“We did Feel Alright in this tiny, pretty basic studio in Camden (North London), but it turned out reasonably well considering we did that, and re-recorded Nude Star in about two days. That’s got a slightly different structure to the album version and it gave Clanger (Andrew Claridge, the second guitarist who joined in London) a chance to play on a Garageland recording. We tried re-mixing the album version with various people but they had no success with it.”

Garage Fact #1:
The band have recorded a version of the Pixies’ Alison for an American tribute CD.

How then did the band wind up on the receiving end of Neil Finn’s generosity, as both Dave Dobbyn and The Stereo Bus have before them?
“It’s really expensive to record in London so we figured we could do it back here. Our manager, Campbell Smith, subsequently got talking to Neil, who was into the idea of letting the studio be used by other artists in the same genre. He said that being away for such long periods, he felt guilty having the studio empty. It’s very generous and a cool thing to do. This place has a really good, relaxed vibe and I don’t think Neil and Campbell have even worked out a deal yet.”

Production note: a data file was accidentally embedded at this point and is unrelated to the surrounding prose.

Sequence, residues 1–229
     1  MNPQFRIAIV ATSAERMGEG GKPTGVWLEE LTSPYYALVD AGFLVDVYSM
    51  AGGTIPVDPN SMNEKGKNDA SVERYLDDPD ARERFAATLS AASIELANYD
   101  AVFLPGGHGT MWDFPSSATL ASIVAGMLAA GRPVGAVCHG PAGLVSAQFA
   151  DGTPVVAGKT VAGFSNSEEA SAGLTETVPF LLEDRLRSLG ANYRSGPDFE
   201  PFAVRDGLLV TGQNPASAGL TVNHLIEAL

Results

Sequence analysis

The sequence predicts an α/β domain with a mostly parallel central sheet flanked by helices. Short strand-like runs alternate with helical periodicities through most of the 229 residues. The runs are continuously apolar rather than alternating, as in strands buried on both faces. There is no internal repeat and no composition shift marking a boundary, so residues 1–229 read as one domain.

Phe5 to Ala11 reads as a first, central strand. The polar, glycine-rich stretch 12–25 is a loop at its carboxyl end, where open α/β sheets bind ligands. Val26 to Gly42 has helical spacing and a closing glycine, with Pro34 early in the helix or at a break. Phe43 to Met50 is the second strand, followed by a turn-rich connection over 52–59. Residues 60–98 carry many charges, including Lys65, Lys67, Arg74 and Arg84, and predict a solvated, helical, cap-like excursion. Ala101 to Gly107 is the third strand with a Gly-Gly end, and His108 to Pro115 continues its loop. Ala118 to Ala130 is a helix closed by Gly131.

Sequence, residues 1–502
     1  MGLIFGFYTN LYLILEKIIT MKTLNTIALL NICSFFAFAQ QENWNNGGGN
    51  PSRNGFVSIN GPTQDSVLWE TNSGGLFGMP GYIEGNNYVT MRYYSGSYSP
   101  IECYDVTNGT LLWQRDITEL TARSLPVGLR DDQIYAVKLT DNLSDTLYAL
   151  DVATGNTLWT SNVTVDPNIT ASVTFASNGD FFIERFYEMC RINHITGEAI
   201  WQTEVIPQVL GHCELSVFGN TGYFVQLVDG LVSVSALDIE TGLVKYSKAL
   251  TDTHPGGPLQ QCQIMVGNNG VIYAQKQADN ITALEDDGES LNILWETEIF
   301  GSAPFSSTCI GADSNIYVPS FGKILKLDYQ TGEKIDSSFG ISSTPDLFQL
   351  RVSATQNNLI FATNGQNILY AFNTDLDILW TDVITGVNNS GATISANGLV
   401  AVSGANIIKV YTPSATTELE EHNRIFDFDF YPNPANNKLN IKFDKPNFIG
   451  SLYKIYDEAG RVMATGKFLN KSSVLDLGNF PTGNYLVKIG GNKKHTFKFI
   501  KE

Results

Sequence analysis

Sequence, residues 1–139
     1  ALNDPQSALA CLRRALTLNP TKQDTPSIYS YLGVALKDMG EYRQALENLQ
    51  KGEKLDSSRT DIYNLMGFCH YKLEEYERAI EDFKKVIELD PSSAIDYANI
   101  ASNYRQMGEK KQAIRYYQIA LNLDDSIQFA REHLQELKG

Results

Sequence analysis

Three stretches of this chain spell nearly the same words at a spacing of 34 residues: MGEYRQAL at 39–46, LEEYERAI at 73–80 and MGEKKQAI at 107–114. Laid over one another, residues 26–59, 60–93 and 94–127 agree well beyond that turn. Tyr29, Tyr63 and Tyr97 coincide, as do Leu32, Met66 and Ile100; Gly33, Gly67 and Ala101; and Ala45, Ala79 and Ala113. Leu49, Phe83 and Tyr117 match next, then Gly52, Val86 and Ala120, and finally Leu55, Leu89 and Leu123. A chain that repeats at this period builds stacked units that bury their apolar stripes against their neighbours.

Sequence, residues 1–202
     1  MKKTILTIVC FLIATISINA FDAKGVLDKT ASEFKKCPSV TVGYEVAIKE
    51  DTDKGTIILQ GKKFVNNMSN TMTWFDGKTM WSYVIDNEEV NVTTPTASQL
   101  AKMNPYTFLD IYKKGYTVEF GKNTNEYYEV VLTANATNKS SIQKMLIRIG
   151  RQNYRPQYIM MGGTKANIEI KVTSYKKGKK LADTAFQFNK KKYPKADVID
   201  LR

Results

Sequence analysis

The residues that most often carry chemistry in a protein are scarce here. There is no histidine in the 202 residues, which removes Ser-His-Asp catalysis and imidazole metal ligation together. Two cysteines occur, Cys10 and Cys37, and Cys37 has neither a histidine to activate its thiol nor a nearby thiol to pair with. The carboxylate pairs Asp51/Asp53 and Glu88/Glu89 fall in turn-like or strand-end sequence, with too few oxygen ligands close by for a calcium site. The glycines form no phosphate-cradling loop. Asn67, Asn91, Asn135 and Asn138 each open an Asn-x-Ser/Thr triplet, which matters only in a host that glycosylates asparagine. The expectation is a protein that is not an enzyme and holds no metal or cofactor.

A month later, we are at Garageland’s current Auckland HQ. Since recording, the band has been to Australia for the second time this year, playing at three Big Days Out, and Andrew C. has had to return to the UK to please the uber Visa-masters at New Zealand Customs. The band was gratified by their warm Australian welcome, having last toured there two-and-a-half years ago and warm fuzzies go out to the Aussie chapter. Aaaah. Touring overseas (with record company support) has been a near fulltime occupation, with more dates added each visit. Sharing a house in Tooting, London, was very handy for instant mobilisation but must have been ‘close living’. They even finish each other’s sentences.

Jeremy: “We’ve known each other since we were 14, so even if we move to the other side of the world …”